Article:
At a cosmologically crisp 1 degree Kelvin (minus 272 degrees Celsius), the Boomerang nebula is the coldest known object in the universe — colder than the faint afterglow of the Big Bang, the explosive event that created the cosmos.
Astronomers using the Atacama Large Millimeter/sub-millimeter Array (ALMA) telescope in Chile have taken a new look at this object to learn more about its frigid properties and to determine its true shape, which has an eerily ghost-like appearance.
“This ultra-cold object is extremely intriguing and we’re learning much more about its true nature with ALMA,” said Raghvendra Sahai, a researcher and principal scientist at NASA’s Jet Propulsion Laboratory in Pasadena, California, and lead author of a paper published in Astrophysical Journal. “What seemed like a double lobe, or boomerang shape, from Earth-based optical telescopes, is actually a much broader structure that is expanding rapidly into space.”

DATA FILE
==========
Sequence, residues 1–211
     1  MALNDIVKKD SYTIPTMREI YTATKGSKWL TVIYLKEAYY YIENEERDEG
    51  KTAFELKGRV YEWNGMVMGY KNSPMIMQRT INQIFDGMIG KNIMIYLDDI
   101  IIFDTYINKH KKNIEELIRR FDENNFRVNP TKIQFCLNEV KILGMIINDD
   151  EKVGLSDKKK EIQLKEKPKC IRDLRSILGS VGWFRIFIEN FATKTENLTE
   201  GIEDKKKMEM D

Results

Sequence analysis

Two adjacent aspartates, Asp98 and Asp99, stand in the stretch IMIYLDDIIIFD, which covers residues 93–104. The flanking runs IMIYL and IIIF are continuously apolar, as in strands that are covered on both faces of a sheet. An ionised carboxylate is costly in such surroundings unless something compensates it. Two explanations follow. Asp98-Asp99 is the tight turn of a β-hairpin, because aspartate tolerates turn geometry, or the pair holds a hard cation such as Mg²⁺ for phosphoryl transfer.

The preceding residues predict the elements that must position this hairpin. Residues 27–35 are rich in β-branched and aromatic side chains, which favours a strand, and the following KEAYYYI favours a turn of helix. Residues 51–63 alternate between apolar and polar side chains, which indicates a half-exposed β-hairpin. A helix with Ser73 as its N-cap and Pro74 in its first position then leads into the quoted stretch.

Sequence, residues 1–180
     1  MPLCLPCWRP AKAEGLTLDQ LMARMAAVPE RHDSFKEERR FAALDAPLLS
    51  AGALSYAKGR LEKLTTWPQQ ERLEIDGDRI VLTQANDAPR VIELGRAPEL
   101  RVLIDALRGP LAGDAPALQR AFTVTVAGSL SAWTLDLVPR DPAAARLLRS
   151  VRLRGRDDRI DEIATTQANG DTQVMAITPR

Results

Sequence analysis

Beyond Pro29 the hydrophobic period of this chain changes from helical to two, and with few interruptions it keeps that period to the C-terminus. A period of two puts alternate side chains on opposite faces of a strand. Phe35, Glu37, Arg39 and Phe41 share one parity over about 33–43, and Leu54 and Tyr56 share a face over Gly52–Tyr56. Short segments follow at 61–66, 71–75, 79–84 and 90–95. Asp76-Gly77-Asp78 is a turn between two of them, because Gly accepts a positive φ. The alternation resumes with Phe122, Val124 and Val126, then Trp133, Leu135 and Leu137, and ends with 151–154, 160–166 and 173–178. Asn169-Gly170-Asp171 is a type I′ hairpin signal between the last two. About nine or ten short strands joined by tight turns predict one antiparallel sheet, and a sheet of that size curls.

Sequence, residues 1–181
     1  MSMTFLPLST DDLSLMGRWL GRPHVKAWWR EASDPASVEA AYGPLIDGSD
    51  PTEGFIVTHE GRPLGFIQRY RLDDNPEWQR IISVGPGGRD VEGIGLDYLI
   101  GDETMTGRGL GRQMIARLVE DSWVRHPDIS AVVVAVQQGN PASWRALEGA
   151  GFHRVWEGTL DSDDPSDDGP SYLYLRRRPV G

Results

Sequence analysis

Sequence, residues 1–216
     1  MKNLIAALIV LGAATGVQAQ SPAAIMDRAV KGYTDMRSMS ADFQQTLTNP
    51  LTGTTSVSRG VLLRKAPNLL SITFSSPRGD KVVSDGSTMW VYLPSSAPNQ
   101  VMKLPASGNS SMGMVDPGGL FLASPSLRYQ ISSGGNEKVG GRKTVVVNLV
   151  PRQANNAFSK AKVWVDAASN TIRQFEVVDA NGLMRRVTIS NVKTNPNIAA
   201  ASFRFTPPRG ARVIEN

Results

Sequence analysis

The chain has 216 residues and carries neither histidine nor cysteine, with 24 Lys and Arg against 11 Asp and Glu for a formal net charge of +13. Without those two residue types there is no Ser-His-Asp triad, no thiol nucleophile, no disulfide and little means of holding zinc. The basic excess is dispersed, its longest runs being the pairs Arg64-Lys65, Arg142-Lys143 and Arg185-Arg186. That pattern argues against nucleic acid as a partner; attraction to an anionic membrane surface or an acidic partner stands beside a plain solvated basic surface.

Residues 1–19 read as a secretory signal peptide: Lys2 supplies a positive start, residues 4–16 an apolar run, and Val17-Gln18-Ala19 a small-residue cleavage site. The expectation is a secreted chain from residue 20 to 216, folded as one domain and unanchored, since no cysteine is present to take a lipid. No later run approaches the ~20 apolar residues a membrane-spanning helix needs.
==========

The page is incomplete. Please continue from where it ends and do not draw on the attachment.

The nebula revealed its true shape to ALMA in the image above. The background blue structure, as seen in visible light by NASA’s Hubble Space Telescope, shows a classic double-lobe shape with a narrow central region. ALMA’s resolution and ability to see cold gas molecules reveals the nebula’s more elongated shape, as seen in red.
Additional authors on the paper include Wouter Vlemmings, Chalmers University of Technology, Onsala, Sweden; Patrick Huggins, New York University, New York; Lars-Ake Nyman, Joint ALMA Observatory, Santiago de Chile; and Yiannis Gonidakis, CSIRO, Australia Telescope National Facility.
ALMA, an international astronomy facility, is a partnership of Europe, North America and East Asia in cooperation with the Republic of Chile. ALMA construction and operations are led on behalf of Europe by the European Southern Observatory, on behalf of North America by the National Radio Astronomy Observatory, and on behalf of East Asia by the National Astronomical Observatory of Japan.